The ongoing war in Ukraine, unpredictable rainfall patterns, and supply chains disrupted by the Covid-19 pandemic are all conspiring to put Africa’s food security under tremendous strain. But Africa is actually a net exporter of agricultural products and with some tweaking, could not only become self-sufficient in food but be able to export a sizeable surplus. Neil Ford explains how.
The African continent is facing a perfect storm of food insecurity. The war in Ukraine is preventing exports from one of the world’s most important food exporters and supply chains are struggling to recover from the impact of the Covid-19 pandemic, while African producers face increasingly unpredictable rainfall patterns as a result of global warming.
The solutions are partly global, in terms of ending the Russian blockade of Ukrainian ports and stepping up international efforts to tackle climate change, but there is still much that can be done in Africa itself to improve food supplies.
Moscow blames the spike in global food prices on Western sanctions but the general consensus is that it is the war in Ukraine that is exacerbating existing difficulties. Global systems were already under pressure before the war, with prices rising dangerously in late 2021 as it proved remarkably difficult to smooth out production and supply chain difficulties even where Covid-related restrictions were lifted.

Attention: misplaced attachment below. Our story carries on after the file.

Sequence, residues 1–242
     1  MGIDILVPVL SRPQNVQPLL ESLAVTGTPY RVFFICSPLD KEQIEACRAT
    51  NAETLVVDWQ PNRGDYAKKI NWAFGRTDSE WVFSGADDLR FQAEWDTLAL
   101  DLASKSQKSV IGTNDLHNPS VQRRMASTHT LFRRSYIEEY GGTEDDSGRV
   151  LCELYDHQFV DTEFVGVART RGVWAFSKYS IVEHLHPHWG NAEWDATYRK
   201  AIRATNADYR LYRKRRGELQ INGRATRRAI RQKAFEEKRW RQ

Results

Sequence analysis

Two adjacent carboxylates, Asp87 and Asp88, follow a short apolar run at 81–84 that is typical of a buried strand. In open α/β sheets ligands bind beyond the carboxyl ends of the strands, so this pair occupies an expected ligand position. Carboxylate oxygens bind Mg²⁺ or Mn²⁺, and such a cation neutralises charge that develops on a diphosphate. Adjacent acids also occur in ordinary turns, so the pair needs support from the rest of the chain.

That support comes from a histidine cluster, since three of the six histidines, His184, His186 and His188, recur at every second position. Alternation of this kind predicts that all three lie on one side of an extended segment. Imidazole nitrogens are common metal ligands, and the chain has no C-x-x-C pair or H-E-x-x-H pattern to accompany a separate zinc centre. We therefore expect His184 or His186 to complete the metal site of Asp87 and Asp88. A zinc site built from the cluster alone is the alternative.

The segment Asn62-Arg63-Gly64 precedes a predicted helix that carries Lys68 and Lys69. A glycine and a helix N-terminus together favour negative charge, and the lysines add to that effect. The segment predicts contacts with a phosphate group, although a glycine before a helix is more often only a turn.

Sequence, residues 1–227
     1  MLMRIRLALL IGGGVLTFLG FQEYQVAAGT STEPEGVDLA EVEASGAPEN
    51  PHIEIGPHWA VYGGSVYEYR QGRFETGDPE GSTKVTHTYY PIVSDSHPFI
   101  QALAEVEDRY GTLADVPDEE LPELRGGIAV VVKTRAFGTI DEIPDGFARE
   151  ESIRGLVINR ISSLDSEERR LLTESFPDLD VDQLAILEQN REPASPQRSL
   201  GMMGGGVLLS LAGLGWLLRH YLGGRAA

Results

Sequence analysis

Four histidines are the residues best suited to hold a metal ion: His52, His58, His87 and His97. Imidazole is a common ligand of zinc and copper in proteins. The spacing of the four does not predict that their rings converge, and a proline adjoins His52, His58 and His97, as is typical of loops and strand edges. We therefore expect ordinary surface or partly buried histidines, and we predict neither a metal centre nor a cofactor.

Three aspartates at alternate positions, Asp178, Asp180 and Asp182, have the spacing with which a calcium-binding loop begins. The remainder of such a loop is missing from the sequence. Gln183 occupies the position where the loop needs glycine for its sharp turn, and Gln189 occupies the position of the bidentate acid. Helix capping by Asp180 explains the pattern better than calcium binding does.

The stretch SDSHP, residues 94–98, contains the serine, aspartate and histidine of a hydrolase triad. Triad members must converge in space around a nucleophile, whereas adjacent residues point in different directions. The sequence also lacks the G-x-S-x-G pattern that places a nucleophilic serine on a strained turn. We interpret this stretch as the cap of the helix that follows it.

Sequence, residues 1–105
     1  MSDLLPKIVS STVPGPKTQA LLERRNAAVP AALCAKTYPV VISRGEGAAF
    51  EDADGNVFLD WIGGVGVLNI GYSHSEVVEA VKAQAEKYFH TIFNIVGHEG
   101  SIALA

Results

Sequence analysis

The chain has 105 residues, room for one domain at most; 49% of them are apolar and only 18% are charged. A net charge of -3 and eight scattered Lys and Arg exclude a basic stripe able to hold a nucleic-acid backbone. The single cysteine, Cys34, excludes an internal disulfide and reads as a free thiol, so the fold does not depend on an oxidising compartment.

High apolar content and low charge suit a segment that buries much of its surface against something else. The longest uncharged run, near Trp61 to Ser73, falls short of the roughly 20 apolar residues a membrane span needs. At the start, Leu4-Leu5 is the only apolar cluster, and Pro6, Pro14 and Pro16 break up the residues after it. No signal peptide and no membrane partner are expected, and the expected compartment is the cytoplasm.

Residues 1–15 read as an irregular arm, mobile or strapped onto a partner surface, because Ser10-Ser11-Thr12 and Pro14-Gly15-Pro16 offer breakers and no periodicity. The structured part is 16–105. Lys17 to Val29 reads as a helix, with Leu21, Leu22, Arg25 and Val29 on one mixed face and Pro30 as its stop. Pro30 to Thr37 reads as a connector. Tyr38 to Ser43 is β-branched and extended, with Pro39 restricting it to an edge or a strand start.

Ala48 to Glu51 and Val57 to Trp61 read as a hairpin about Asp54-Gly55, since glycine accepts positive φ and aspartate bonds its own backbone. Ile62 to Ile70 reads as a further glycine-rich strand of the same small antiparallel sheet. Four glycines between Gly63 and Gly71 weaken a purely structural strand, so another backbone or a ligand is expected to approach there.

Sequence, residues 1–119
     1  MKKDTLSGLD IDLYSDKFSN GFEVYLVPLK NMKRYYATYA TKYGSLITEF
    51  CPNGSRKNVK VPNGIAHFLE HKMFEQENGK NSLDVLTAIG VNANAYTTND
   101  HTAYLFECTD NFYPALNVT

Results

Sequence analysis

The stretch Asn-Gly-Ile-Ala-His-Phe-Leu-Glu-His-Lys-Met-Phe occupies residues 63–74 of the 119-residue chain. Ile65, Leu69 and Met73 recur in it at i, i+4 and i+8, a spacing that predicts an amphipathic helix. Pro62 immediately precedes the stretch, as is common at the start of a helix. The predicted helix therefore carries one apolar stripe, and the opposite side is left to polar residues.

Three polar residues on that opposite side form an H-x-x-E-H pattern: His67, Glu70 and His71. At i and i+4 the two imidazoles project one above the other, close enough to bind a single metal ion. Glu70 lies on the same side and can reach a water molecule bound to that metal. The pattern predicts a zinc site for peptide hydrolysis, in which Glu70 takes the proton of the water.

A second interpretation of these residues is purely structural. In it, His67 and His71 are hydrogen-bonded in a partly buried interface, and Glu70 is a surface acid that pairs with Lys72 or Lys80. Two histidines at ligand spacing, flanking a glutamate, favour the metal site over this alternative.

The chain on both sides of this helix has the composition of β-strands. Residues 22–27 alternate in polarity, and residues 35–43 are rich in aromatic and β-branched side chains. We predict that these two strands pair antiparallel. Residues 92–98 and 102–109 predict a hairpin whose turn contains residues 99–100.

The price of bread wheat increased by 22% in the third quarter of 2020 to $271/ton in the same period one year later, but jumped to $389/ton one week after the Russian invasion of Ukraine. The latter usually exports 5m tons of grain a month but ships have been unable to export any of it from the country’s ports because of Russian naval vessels operating offshore.
About half of all African countries import more than a third of their wheat requirements, while 14 source more than half of their wheat imports from Ukraine and Russia. The war is already impacting costs, with average wheat prices rising by more than a quarter in the first six weeks of the Russian invasion of Ukraine. Such rises will place huge pressure on the finances of the poorest African households.
Malnutrition rates look certain to rise as global supplies are constrained by the lack of Ukrainian exports, with famine a real possibility. Food supply problems and rising prices can also lead to security problems, both in the form of violent localised protests and even widespread armed conflict, with general grievances fuelled by the issues.
Intense work by Western diplomats to release grain stored at Ukrainian ports demonstrates the anticipated severe impact on global food supplies. The Turkish government in particular is working to establish a safe corridor for grain exports that would not require mines to be cleared from around Ukrainian ports.